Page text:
No. Most current ignition systems are suitable for the use of NOS injection. However, in high hp applications it may be advisable to replace your stock ignition system with a high quality high output ignition system.

Not really. Detonation is caused by too little fuel in the air/fuel mixture or too low an octane level for the level compression pressure resulting from your engine of modifications. Having said that, NOS does lead to higher combustion pressures but the Nitrogen that gets released into the combustion chamber acts as a buffer and results on a more controlled combustion process. This however, does not mean you can advance your ignition timing when using NOS.

No. NOS systems are designed to supply the optimal air/fuel mixture and exhaust temperatures are usually well within acceptable tolerance of the catalyst. Thus NOS should not affect the converter.

Yes, you can get a NOS kit for almost any stock engine application. However, you need to choose a kit calibrated for your engine. Generally speaking, a stock 4 cylinder engine can handle an extra 40 to 60 hp, stock 6 cylinder engine can handle and extra 75 to 100 hp, a stock small block V8 for up to 400cid can handle up to 140 extra hp, while a big block V8 can handle between 125 and 200 extra hp without requiring additional modification work to the engine. However, these are just general ranges and differ from engine to engine. It is thus best to speak to your supplier about your specific needs.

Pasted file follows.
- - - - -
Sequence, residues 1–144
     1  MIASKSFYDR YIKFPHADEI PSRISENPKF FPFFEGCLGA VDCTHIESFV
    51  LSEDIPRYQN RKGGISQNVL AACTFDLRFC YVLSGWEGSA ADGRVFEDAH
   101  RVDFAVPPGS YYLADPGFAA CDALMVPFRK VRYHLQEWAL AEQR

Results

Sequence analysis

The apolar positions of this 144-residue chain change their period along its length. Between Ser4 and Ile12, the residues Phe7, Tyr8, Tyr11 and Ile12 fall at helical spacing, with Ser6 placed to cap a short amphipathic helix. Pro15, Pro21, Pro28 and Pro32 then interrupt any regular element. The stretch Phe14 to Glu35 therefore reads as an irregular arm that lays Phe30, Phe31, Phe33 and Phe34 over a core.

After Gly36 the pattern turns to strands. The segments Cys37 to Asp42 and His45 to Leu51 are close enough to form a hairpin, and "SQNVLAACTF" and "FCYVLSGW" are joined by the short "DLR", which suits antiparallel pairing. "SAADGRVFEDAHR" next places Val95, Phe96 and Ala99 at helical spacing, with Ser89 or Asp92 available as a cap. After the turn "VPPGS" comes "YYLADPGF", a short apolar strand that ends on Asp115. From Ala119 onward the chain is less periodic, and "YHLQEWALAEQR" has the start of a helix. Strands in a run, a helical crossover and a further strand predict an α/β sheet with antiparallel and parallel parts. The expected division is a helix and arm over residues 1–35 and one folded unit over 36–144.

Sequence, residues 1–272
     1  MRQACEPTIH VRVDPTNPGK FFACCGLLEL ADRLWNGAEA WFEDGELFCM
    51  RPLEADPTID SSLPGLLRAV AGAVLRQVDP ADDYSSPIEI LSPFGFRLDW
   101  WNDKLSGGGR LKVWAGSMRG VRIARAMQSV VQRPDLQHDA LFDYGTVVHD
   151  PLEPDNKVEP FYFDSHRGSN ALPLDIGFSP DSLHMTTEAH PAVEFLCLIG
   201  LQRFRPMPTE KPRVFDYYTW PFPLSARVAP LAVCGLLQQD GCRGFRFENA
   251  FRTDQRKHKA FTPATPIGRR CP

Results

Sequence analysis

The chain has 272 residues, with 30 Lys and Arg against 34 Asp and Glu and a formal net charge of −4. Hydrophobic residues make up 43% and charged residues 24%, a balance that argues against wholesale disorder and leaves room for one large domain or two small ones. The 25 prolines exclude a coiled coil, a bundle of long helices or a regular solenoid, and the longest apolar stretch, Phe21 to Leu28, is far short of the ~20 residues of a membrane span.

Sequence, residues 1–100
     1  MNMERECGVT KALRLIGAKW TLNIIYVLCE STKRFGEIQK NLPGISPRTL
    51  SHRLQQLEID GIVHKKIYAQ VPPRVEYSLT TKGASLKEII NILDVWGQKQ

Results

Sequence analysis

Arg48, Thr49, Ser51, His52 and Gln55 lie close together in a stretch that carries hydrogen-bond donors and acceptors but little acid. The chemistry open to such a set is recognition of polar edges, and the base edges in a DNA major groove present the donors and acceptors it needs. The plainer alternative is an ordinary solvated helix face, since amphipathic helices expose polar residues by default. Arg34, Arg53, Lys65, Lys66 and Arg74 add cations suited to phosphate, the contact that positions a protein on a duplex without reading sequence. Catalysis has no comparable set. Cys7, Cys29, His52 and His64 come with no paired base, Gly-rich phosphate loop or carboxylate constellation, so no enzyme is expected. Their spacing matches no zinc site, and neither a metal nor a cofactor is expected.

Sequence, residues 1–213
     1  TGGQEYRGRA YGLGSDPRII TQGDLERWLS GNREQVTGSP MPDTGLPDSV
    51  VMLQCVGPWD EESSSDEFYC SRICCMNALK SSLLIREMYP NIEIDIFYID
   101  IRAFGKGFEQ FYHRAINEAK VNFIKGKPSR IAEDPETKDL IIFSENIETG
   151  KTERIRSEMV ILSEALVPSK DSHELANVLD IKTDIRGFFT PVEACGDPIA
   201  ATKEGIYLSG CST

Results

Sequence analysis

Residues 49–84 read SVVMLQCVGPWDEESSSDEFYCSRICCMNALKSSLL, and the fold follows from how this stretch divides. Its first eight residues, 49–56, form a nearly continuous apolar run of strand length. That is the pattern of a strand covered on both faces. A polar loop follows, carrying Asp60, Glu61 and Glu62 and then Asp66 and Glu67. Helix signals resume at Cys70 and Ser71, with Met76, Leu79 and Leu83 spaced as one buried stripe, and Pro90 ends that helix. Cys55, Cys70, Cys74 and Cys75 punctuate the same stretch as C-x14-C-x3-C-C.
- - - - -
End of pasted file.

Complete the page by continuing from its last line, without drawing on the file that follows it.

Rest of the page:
Most NOS kits can be installed in approximately 3 to 5 hours. The NOS kit should come with an instruction manual with installation drawings, wiring diagrams, and bottle mounting instructions, as well as a trouble shooting guide. If not you could follow our installation guide.

You can hold the button down until the bottle is empty but it is recommended that you only hold it down for a maximum of 15 seconds at a time.

It is best to use NOS only at full throttle or wide open throttle unless you are using a progressive controller. Due to the tremendous increased in torque, you will generally find best results with early activation at full throttle in second gear from above 2,500 RPM.

A 125 hp NOS kit with a single 10lb canister should last for 7 to 10 quarter mile runs while a 250 hp kit will halve the number of runs to 3 to 5.